A sustainable house made of clay

Along narrow winding streets, with a view to both forests and fields, we arrive to Karen and Flemming Abrahamsson’s rustic farm in Stenlille – placed approximately in the middle of Zealand. We are greeted by the charming couple, who run their business Fornyet Energi (Renewable Energy) from these idyllic settings, but before the coffee is served, we get a quick tour and an explanation of what it’s all about.

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Karen and Flemming Abrahamsson works from the slogan “building with consciousness”. Originally Flemming trained as a bricklayer, but when he repeatedly ran into architects without a vision for, or an understanding of, an ecologically sustainable way of building, he threw himself over the drawing board and studied to become an architect.

“For more than 30 years we have worked with renewable energy, – energy from solar, wind, biomass, compost, etc.,” explains Flemming and continues: “an ecologically sustainable way of building is our mission statement. We help with practical construction, but also with the more theoretical part of the process – consultancy, planning, design, courses, lectures and development. We also have our own production of cast iron parts for masonry stoves and we sell various composting toilets.”

The reason why we are visiting Stenlille, is however the small COB-house that lies secluded on the large plot. A small house which was created in conjunction with a workshop held by the couple in 1997. “The idea was to teach people how to build according to the COB-method,” explains Flemming and elaborates: “The COB-technique is a building method where clay, sand, soil and straw are kneaded together into a sort of “bread”. These “breads” are put together in the wall, which after drying becomes very strong. COB-walls allow that one can create some amazing shapes, they accumulate the heat and they can breathe. ”

Tim Padfield, one of the participants at the workshop recalls: “Once I took a summer break to help build a mud house. We used the very latest techniques for trampling clay, sand and straw with bare feet, controlling the quality of the material by how it stuck to our toes and timing how it settled after shaking in water. We debated the relative merits of different cereal straws and finished off the day’s labour with song and gossip round the fire before retiring to our tents of polyester fabric, kevlar rope, carbon fibre rods and silicone waterproofing”.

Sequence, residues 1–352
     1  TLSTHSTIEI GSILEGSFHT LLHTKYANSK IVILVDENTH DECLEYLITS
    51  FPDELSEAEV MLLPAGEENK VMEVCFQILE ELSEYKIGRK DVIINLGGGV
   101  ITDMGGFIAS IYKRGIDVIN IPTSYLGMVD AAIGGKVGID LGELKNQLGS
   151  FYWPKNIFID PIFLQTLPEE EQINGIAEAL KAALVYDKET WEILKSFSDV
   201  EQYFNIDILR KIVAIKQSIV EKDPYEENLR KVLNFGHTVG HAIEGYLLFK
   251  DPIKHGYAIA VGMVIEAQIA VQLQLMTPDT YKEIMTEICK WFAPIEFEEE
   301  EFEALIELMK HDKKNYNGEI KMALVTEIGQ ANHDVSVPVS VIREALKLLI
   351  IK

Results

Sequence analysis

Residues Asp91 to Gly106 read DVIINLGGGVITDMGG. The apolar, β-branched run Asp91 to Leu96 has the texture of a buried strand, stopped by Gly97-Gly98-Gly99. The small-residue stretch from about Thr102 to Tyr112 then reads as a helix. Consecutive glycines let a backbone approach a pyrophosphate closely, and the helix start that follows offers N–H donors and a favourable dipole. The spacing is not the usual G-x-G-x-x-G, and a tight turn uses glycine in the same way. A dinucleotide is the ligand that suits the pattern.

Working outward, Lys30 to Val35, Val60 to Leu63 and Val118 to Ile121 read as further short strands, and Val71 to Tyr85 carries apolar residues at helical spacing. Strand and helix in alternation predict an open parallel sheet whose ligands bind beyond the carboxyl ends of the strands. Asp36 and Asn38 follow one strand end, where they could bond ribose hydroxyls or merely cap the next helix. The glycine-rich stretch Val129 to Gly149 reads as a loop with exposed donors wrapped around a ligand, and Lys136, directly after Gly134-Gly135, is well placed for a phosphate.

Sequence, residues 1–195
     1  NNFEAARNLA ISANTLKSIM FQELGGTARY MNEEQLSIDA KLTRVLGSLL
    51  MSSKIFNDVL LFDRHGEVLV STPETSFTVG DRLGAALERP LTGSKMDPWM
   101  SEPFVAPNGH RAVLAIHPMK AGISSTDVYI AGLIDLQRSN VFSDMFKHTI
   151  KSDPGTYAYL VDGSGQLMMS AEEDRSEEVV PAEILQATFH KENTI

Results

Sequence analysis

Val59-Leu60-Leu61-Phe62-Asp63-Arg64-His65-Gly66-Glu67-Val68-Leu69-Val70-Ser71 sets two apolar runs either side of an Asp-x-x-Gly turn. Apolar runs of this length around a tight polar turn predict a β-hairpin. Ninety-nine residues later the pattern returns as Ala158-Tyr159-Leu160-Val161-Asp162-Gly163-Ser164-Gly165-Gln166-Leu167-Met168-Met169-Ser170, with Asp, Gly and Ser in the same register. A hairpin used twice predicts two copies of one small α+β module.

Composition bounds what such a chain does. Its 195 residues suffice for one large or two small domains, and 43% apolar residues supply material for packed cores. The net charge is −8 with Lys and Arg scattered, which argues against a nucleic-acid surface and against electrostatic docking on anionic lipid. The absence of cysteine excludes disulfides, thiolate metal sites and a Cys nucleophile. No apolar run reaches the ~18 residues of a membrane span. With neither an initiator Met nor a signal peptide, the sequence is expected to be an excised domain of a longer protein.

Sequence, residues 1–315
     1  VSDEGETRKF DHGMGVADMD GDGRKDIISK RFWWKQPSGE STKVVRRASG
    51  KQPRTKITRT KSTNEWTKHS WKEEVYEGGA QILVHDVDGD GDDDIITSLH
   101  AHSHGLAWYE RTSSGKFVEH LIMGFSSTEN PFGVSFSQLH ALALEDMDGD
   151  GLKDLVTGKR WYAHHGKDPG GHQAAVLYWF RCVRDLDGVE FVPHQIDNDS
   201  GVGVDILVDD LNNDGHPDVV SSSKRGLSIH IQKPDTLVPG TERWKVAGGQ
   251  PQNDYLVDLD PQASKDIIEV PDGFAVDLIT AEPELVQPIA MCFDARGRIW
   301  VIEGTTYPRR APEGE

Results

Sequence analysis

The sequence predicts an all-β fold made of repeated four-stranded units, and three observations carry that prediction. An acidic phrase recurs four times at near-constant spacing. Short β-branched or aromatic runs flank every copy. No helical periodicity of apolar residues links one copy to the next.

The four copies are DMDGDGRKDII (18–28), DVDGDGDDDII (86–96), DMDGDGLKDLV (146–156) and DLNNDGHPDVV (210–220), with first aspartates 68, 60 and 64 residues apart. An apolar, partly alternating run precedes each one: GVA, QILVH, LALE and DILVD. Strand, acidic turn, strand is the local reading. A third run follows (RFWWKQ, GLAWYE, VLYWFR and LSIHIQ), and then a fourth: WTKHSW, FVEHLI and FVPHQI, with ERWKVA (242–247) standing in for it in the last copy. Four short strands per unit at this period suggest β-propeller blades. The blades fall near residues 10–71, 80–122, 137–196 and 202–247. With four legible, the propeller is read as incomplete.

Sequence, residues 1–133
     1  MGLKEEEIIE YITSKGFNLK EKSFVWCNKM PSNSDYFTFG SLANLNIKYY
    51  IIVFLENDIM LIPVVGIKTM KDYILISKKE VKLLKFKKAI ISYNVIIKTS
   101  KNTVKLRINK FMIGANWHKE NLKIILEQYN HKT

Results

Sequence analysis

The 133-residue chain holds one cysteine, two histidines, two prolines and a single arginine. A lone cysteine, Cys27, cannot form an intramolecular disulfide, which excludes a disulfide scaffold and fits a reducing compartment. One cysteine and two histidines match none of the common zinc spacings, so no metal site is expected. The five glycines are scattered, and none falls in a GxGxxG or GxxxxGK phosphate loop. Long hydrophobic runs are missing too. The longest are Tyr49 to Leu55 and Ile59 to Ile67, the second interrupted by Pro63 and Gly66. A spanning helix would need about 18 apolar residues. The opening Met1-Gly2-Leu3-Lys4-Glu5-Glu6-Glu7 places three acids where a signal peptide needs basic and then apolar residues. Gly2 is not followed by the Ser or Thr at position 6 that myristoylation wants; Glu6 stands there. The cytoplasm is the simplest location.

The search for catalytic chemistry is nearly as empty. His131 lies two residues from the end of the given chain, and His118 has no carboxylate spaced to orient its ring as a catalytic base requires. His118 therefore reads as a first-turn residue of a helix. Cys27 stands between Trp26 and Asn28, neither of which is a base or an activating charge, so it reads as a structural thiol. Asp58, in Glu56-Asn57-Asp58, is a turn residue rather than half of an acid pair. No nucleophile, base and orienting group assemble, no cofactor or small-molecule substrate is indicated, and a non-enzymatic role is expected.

That Flemming and his students have had a good time while they formed and created the COB-house, there’s no doubt. You can almost imagine how they have barefooted trampled around in the clay and how the smooth lines have been created by twisting, folding and ironing on the big breads of earth until they behaved as desired. Helping to lead the workshop was also the self-proclaimed ecologist, inventor, landscape architect and author Ianto Evans, the world’s most respected COB-builder. “Ianto, originally from Wales, where they have traditionally built after the COB method, is now living in Oregon in the U.S., but he travels around the world and teaches the COB-technique,” explains Flemming. Together, the two made some broad outlines for how the house should look, and they agreed upon the concept. The details inside they only let the students’ imagination set a limit for. “However, we were constantly there to ensure that the ideas were feasible and appropriate,” adds Flemming.

So perfect is the outcome that you fully understand why this little show house, has become a heaven for Karen and Flemming.”After we had built it, we were actually so happy that we did something extra out of the interior and today we use the house frequently – as a small annex – a sort of a sanctuary where one can retire and enjoy a quiet time. And when we have guests staying overnight, there is always great demand for the COB-house “concludes Karen.

Photos by Kira Brandt, Text and Styling by Katrine Martensen-Larsen

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